UNITED NATIONS - The world could end extreme poverty within a decade if wealthy nations fulfilled their pledges to increase development aid, Columbia University economist Jeffrey D. Sachs said yesterday as he presented a plan to the United Nations for achieving that goal.
But if those countries' governments don't come through with what they have promised, the poor will continue to get poorer and the world less secure, he said.
"We are not asking for one new promise," he said. "Only the follow-through on what has already been committed."
Sachs is leading the United Nations' Millennium Project to meet development goals adopted by world leaders at a summit in 2000, including eliminating extreme poverty and hunger by 2015. Almost 3 billion people live on less than $2 a day, and the report spells out the investments needed to elevate them above the level of bare survival and provide them with the means of leading productive lives.
"Investing in Development: A Practical Plan to Achieve the Millennium Development Goals" is the result of a yearlong study led by 265 top development experts and is designed to show "not only that it can be done, but how it can be done," Sachs said.
As he spoke at a news conference yesterday, he stacked a dozen reports by separate task forces that flesh out the recommendations into a pile nearly a foot high.
If endorsed at a summit of the Group of 8 leading industrial nations in July and a gathering of world leaders at the United Nations in September, the plan is expected to provide a blueprint not only for governments but also for international institutions such as the World Bank that oversee major development projects.
Along with a call for a major overhaul of the international development system, it includes 18 "quick wins," simple and cost-effective ways to save and improve millions of lives that governments can immediately implement. The steps include providing school lunches for children, mosquito nets for malaria-endemic areas and generators for hospitals and schools.
But to end hunger and poverty in the next decade, the world needs to do much more. In 2000, developed nations promised to take steps toward giving 0.7 percent of their gross national product for development aid. Today, only five countries do: Denmark, Luxembourg, the Netherlands, Norway and Sweden.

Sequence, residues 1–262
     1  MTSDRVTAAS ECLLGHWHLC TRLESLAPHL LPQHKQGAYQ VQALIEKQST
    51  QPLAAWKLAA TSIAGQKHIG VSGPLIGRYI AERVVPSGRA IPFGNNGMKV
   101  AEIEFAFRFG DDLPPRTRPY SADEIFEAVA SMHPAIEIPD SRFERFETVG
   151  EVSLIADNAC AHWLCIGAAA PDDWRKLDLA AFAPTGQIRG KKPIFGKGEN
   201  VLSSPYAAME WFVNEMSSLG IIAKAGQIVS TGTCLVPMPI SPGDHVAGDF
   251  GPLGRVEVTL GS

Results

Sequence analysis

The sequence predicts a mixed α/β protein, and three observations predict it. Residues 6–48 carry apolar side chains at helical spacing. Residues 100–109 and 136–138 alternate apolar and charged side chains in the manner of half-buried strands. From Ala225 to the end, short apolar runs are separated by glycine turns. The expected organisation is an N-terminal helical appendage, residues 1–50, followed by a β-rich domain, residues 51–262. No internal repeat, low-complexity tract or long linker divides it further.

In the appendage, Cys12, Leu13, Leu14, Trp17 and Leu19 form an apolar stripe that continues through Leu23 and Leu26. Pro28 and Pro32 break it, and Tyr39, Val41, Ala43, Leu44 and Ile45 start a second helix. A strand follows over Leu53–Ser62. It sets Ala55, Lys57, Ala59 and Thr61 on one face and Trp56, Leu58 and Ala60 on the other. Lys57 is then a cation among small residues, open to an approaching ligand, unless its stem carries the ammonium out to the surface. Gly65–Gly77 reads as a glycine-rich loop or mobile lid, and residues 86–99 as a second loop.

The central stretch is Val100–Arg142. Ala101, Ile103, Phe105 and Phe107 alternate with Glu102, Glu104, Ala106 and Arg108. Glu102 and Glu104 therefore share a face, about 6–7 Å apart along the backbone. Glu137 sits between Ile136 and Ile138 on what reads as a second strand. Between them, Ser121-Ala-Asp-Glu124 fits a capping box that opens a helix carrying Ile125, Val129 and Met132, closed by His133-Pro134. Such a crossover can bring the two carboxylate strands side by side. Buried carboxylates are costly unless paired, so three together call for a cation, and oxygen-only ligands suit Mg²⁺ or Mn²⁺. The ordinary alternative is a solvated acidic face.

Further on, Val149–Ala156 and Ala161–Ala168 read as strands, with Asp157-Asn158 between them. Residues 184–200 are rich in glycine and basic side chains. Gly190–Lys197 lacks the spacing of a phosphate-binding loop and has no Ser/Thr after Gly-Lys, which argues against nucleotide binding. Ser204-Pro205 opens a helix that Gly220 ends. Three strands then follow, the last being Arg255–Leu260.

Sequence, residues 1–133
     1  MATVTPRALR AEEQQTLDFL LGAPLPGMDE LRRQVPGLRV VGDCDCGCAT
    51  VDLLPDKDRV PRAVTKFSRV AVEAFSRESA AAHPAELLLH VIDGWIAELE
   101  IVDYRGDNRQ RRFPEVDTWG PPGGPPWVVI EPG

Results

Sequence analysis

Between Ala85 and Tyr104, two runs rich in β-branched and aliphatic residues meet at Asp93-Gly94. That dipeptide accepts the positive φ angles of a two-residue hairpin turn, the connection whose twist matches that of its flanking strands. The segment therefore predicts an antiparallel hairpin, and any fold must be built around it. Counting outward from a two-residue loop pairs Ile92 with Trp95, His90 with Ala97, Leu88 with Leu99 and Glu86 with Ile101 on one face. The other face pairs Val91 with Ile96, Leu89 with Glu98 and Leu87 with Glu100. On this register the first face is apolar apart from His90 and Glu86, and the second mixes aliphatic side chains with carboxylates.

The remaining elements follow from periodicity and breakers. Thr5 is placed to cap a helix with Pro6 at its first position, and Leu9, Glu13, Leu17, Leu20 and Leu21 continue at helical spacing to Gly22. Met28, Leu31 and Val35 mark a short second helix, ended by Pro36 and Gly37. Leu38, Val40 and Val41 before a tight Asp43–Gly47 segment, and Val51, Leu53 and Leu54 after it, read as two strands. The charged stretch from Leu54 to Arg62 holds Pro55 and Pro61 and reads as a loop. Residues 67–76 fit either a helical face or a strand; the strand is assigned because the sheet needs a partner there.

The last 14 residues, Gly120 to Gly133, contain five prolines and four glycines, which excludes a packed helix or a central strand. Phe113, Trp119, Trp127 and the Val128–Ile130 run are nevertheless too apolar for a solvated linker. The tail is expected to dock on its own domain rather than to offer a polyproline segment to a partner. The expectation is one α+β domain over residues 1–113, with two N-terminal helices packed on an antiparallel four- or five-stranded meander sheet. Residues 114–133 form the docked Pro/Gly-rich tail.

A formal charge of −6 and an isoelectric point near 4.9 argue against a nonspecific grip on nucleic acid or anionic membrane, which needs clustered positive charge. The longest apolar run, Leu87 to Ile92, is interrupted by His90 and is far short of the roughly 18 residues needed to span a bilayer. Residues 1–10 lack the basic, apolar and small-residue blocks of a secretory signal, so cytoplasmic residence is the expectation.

Six other countries have committed to reaching the target by 2015. The United States currently earmarks about 0.015 percent of GNP, not including private donations, though that amount may grow.
Sachs has suggested that meeting the aid target should be a requirement for all permanent Security Council members, a move that has caused consternation in Japan, Germany and India, which are seeking permanent seats.
"We're talking about rich countries committing 50 cents out of every $100 of income to help the poorest people in the world get a foothold on the ladder of development," Sachs said. "It's utterly affordable."
The countries also committed to work toward eight Millennium Development Goals, including ending poverty and hunger, improving survival rates for mothers and children, combating HIV/AIDS and other major preventable diseases, and promoting equality for women.
Heartened by the global response to the tsunami, Sachs said it was time to reckon with the "silent tsunami" of preventable diseases that kills millions every year, but could be avoided through simple measures such as clean water, inoculations and mosquito nets.
The Los Angeles Times is a Tribune Publishing newspaper.